3.3. Control Performance with Setpoint Change
The performance control of MMPC on the compressor unit with the MIMO 1 model is shown in Figure 3
, Figure 4
, Figure 5
and Figure 6
, with a change in SP of 7 kPa. MMPC provided better results than MPC. When the setpoint on compressor unit 1 was increased, the MMPC could respond more quickly to the change. Both MPC and MMPC on compressor 1 experienced an increase in pressure until they passed the SP (i.e., overshoot occurs), then decreased until reaching the SP. As a result of the change in SP of compressor 1, the pressure of the other compressor changed (interrupted). However, the MMPC managed to return to its SP better than MPC, as can be seen in Figure 3
b–d. For compressor units 1–4, the IAE and ISE values of MMPC FT showed a significant difference from those of MPC. Meanwhile, the IAE and ISE values between MMPC S&C and MMPC FT did not have a significant difference, as shown in Table 7
. Similar results occurred in the SP change test on compressors 2–4, as shown in Table 8
, Table 9
and Table 10
. All the CVs demonstrated final stability at their SP (0). Some of the IAE and ISE of MMPC FT and S&C had the same result but different percentages of improvement. This is caused by the calculations in the spreadsheet being performed with decimals up to ten decimal digits. Meanwhile, the results provided in this research were decimal numbers with two decimal digits.
shows the results with the increased SP on compressor unit 1. The change in the SP of compressor unit 1 can be seen in Figure 3
a. The simulation results showed that in each compressor unit, MPC responded and achieved stability more slowly than MMPC. In addition, MMPC S&C and FT provided almost the same results and showed barely any difference in the graphs. However, the difference in the performance of the two controllers can be seen in the IAE and ISE, which are listed in Table 7
. When the SP on compressor unit 1 was increased, the pressure on the next compressor unit decreased. It is because when the flow pressure increases, the flow rate decreases. This pressure drop will be stabilized by the controller. In Figure 3
a, the shapes of the MMPC and MPC graphs were the same, but the MMPC responded more slowly and had almost no noise. The performance of other compressor units is shown in Figure 3
b–d, where the patterns of the three graphs are not much different. In the three graphs, generally, there was no pressure drop on the MMPC, while the MPC experienced a significant pressure drop. This is because when the pressure drops, the MMPC immediately responds to stabilize the flow according to its SP. However, before reaching stability, the flow controlled by MMPC experienced a pressure increase shortly. MMPC S&C and MMPC FT had almost the same results, but MMPC FT generally had a slightly better percentage increase in performance than MMPC S&C, except for compressor unit 2. In the compressor, both IAE was the same, and ISE MMPC S&C was slightly superior. Meanwhile, compressor unit 4 showed a better MMPC S&C.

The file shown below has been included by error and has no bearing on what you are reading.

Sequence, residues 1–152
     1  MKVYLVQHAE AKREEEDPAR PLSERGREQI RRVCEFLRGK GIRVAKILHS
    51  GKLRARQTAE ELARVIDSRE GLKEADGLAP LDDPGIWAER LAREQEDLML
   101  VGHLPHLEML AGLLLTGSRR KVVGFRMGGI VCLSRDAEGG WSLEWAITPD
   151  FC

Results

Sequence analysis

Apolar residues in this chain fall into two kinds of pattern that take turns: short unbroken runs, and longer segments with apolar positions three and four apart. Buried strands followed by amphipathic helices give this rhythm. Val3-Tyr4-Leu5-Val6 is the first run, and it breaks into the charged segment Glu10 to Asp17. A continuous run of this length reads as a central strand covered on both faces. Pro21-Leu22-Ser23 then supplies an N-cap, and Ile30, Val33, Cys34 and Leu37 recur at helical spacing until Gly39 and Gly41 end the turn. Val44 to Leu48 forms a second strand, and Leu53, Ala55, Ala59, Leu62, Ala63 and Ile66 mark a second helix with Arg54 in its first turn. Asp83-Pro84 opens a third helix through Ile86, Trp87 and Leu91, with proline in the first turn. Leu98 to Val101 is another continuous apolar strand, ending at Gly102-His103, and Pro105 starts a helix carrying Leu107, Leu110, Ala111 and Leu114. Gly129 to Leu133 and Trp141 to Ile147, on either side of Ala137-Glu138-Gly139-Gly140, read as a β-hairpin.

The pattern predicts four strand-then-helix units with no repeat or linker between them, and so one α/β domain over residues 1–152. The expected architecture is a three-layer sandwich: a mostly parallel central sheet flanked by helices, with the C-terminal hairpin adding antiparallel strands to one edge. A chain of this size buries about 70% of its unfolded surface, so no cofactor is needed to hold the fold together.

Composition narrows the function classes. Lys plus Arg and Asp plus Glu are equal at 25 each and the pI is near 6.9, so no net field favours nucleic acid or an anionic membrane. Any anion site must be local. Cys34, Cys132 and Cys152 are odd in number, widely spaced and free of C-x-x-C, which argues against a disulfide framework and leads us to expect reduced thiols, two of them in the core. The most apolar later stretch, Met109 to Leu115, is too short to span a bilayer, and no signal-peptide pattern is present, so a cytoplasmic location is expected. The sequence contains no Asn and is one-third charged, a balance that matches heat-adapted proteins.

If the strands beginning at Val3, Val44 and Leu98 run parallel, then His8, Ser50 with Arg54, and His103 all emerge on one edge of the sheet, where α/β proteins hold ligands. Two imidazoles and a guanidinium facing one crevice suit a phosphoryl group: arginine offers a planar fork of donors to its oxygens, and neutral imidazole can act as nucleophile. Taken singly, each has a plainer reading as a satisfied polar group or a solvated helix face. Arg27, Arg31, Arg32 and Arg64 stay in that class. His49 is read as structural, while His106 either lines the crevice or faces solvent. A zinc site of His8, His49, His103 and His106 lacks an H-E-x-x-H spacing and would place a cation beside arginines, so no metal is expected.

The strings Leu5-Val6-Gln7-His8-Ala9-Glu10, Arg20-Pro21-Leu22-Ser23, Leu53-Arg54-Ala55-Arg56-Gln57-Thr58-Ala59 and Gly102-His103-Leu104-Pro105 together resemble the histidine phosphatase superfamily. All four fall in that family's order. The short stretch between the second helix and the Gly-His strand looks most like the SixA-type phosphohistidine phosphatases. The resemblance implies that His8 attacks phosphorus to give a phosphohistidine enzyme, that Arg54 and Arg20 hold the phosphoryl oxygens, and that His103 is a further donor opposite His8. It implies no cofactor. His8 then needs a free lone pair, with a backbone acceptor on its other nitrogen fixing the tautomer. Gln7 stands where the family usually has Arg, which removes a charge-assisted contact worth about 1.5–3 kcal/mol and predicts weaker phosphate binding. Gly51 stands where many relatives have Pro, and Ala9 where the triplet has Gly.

The performance of controlling the change in SP on compressor unit 2 is shown in Figure 4
and Table 8
. The change in SP on compressor unit 2, as shown in Figure 4
b, caused an increase in pressure in compressor unit 1 and a decrease in pressure in compressor unit after compressor unit 2. It can be concluded that changes in SP in a compressor unit will cause a pressure increase in the previous unit and a pressure decrease in the following unit. Figure 4
b also shows that MMPC can immediately stabilize the pressure in the flow without having to exceed its SP, while the MPC has exceeded its SP. MMPC’s response to pressure increase in compressor unit 1 (Figure 4
a) was faster and better than MPC. It is because the flow pressure at the MMPC only experiences a slight increase and can be stabilized more quickly. In addition, the control response to the pressure drop in compressor units 3 and 4 had a similar pattern (shown in Figure 4
c,d) but with different line shapes. When the pressure decreases, the controller will respond to increase the pressure. In compressor unit 3 (Figure 4
c), the MMPC can immediately stabilize the flow pressure according to the SP, while the MPC experienced an increase first. In Figure 4
d, both MPC and MMPC experienced an increase in pressure before returning to their SP, but MMPC can restore the flow pressure according to its SP more quickly. Based on Table 8
, MMPC FT generally had better control performance results than other controllers.
and Table 9
show the simulation results of process control with SP changes in compressor unit 3. A graph of SP changes is shown in Figure 5
c, where MMPC can stabilize flow much faster than MPC. When the SP on compressor unit 3 changes, the MMPC-controlled flow pressure on compressor units 1 and 2 decreased instead of increasing (shown in Figure 5